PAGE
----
WikiLeaks rips cover off Maputo corruption

2010-12-12 15:27

Horrific corruption and allegations that even the president is on the take; that tons of heroin and cocaine are heading for South Africa and the ruling party in Maputo is concerned only with stuffing its own pockets.

This is the picture that emerges of Mozambique in secret cables from the US embassy in Maputo to the state department in Washington and published on the WikiLeaks website.

In the four cables, sent in the second half of last year and the beginning of this year, the embassy warns that Mozambique might now be the second most active narcotics transit point in Africa after Guinea Bissau and alleges that President Armando Guebuza and his cronies are amassing fortunes through corruption, bribery and nepotism (see separate report).

Much of the embassy’s information is culled from a senior Frelimo insider and longtime friend of the president, who told the embassy: “Guebuza is a vicious scorpion who will sting you.”

The embassy concluded that the source was credible and that his statements “corroborate what we have learned from other sources”.

The cables warn that although Mozambique is not yet a narco state, the magnitude of drug shipments passing through Mozambique – mostly cocaine and heroin – might be on a much larger scale than was previously believed. Drugs are shipped from Mozambique to South Africa and then sent on to Europe.

The embassy says that of the nine cocaine and heroin seizures last year at Maputo Airport, none resulted in prosecution because police and custom officials used such seizures to enrich themselves by reselling the booty.

“Most drug seizures are not made public and not prosecuted because police and customs officials retain the drugs for resale,” says the embassy.

In May last year the police seized heroin worth R35?million at the Ressano Garcia border post with South Africa.

The embassy says the value of illicit drugs passing through the country probably surpasses its combined legal external trade.

“Endemic corruption among senior-level officials leads to a situation where drug traffickers are able to freely transit the country,” says the embassy.

“As a high-level law enforcement official said recently in private: ‘Some fish are too big to catch’.”
The embassy claims that Mozambique’s chief of customs, Domingos Tivane, is a “significant recipient of these narco-trafficking-related bribes”.

The embassy says he lives far above his means, has properties around Mozambique and has “solid gold fixtures” in his bathroom.

“The source also says former prime minister Luisa Diogo, until she was removed from the cabinet, was heavily involved in taking bribes for Frelimo, of which she kept a percentage.”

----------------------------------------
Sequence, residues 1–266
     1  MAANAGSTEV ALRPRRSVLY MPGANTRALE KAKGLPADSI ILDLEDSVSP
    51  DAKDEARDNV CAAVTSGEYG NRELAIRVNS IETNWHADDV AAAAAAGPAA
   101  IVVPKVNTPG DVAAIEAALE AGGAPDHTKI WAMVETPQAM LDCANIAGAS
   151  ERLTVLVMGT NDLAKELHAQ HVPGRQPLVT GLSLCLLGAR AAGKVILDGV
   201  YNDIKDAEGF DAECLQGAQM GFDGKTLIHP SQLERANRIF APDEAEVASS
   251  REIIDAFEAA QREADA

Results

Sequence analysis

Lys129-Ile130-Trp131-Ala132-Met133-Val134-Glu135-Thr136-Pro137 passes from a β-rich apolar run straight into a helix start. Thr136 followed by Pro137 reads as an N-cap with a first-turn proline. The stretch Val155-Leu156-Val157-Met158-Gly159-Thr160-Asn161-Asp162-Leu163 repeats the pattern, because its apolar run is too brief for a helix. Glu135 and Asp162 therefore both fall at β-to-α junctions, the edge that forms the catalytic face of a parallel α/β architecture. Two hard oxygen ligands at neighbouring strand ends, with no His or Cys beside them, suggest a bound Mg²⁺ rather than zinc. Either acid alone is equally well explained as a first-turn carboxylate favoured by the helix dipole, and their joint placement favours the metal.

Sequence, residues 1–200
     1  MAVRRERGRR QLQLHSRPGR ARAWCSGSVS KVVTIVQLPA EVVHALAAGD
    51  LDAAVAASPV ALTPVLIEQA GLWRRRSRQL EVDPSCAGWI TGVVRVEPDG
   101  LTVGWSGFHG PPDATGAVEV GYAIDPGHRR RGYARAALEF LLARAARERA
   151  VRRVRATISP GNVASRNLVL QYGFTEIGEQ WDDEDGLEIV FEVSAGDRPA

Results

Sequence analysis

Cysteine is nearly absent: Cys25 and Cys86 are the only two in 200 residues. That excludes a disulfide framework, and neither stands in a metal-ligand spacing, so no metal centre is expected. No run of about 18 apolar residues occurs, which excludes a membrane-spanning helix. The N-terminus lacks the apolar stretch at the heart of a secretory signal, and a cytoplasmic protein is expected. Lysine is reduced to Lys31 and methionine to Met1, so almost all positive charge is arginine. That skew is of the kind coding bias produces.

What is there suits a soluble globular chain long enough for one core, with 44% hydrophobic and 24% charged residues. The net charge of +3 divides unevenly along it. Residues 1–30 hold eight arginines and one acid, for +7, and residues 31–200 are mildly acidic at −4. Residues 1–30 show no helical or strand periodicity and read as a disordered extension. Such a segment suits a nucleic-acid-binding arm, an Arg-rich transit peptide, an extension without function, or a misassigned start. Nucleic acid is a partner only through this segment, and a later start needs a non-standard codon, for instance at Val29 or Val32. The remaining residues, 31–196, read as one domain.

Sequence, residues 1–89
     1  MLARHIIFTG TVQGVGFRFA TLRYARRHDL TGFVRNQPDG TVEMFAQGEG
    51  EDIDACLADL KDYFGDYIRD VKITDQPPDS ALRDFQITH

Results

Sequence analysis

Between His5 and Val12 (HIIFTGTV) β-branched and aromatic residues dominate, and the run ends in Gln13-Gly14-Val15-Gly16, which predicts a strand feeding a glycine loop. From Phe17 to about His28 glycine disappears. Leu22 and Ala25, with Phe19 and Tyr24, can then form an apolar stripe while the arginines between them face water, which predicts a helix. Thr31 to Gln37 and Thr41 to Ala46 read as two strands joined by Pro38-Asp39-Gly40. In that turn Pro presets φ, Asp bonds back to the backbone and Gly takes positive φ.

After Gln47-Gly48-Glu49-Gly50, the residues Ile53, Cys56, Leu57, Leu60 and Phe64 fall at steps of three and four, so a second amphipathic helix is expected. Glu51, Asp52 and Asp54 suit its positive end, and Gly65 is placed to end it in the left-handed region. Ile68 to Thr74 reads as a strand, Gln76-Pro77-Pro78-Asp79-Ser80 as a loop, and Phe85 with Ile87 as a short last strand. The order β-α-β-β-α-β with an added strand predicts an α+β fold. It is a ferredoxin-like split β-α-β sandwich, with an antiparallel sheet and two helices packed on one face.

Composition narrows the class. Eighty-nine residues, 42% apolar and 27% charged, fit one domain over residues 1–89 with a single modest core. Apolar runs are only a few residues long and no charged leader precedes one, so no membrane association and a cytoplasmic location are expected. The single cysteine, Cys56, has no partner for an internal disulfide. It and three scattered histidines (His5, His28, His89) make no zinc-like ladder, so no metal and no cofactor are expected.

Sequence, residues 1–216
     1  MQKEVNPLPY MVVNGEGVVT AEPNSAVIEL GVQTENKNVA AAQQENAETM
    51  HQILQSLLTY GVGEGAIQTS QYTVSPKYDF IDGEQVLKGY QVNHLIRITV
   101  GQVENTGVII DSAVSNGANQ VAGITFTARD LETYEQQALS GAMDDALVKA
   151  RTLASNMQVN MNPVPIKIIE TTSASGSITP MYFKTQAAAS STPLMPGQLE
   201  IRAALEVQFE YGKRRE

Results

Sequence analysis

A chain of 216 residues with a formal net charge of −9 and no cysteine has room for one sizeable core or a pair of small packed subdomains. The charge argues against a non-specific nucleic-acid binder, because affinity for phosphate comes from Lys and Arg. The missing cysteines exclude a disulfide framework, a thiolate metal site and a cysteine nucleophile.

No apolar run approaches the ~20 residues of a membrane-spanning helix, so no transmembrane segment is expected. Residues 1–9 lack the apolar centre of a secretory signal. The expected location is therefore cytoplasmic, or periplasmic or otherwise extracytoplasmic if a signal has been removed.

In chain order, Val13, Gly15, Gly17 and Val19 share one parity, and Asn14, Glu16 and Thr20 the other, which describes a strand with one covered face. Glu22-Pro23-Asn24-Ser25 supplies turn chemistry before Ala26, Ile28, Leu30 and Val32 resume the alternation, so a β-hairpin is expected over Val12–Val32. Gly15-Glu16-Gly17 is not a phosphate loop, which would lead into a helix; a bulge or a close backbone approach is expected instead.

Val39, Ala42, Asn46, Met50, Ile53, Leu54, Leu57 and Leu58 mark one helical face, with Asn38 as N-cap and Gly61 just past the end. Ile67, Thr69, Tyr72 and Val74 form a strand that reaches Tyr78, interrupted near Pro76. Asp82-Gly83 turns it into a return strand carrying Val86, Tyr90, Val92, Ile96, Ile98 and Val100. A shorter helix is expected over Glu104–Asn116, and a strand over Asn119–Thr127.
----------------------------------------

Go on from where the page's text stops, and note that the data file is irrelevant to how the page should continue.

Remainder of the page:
The embassy describes Mohammed Bashir Suleiman as the largest narco-trafficker in Mozambique and says he has direct ties with Guebuza and his predecessor, Joaquim Chissano.

Suleiman allegedly contributes heavily to Frelimo’s coffers and previously to the presidential campaigns of Guebuza and Chissano.

The office of the presidency recently ordered customs officials to exempt certain of Suleiman’s containers from standard scanning and scrutiny at the port of Maputo.

Embassy staff had personally witnessed Suleiman’s trucks being driven through the port without being scanned. Government officials describe Suleiman as “untouchable” due to his close relationship with the president.

The embassy’s source said that Suleiman, Guebuza and Frelimo “exercise complete control over the licit and illicit economy of Mozambique”.

The source is on such a good footing with the president that he has his personal cellphone number.
The embassy says its source is “liquidating his assets and leaving Mozambique, and says that he now sees the ‘malaise’ in Mozambique as if he ‘had cataracts but now sees it all’.”

In July US President Barack Obama named Suleiman as a drug baron under the Foreign Narcotics Kingpin Designation Act. As a result, any assets that Suleiman might possess in the US are frozen and all US citizens, companies and institutions are banned from doing business with him.

The Americans say Suleiman is the head of a crime and money-laundering network called Grupo MBS. He uses MBS to smuggle drugs from Pakistan via Dubai in containers also carrying electronic equipment, cooking oil and cars. He has business and crime connections in South Africa, Somalia, Pakistan and Latin America.

After being named by the US, Suleiman held a news conference in Maputo to deny the allegations and threaten to sue the Americans.

The Mozambican embassy yesterday said there was not enough time to get a response from Maputo.

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